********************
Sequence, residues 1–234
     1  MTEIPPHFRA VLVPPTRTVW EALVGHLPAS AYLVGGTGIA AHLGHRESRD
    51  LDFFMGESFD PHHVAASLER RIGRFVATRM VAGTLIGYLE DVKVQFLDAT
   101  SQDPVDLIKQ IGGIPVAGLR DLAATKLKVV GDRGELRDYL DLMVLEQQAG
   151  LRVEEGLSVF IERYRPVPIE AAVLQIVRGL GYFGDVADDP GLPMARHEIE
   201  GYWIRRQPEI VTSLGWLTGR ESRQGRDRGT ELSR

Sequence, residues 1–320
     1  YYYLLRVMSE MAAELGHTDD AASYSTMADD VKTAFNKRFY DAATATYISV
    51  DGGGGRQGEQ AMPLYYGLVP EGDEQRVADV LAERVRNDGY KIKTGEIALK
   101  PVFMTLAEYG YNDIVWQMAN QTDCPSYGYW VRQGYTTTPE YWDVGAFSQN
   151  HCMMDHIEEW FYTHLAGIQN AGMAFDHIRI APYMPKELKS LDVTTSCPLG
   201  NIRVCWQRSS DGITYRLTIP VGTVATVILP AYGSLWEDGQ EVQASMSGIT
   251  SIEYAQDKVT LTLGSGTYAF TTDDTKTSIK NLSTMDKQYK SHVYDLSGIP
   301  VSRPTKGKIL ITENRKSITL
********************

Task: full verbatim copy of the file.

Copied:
Sequence, residues 1–234
     1  MTEIPPHFRA VLVPPTRTVW EALVGHLPAS AYLVGGTGIA AHLGHRESRD
    51  LDFFMGESFD PHHVAASLER RIGRFVATRM VAGTLIGYLE DVKVQFLDAT
   101  SQDPVDLIKQ IGGIPVAGLR DLAATKLKVV GDRGELRDYL DLMVLEQQAG
   151  LRVEEGLSVF IERYRPVPIE AAVLQIVRGL GYFGDVADDP GLPMARHEIE
   201  GYWIRRQPEI VTSLGWLTGR ESRQGRDRGT ELSR

Sequence, residues 1–320
     1  YYYLLRVMSE MAAELGHTDD AASYSTMADD VKTAFNKRFY DAATATYISV
    51  DGGGGRQGEQ AMPLYYGLVP EGDEQRVADV LAERVRNDGY KIKTGEIALK
   101  PVFMTLAEYG YNDIVWQMAN QTDCPSYGYW VRQGYTTTPE YWDVGAFSQN
   151  HCMMDHIEEW FYTHLAGIQN AGMAFDHIRI APYMPKELKS LDVTTSCPLG
   201  NIRVCWQRSS DGITYRLTIP VGTVATVILP AYGSLWEDGQ EVQASMSGIT
   251  SIEYAQDKVT LTLGSGTYAF TTDDTKTSIK NLSTMDKQYK SHVYDLSGIP
   301  VSRPTKGKIL ITENRKSITL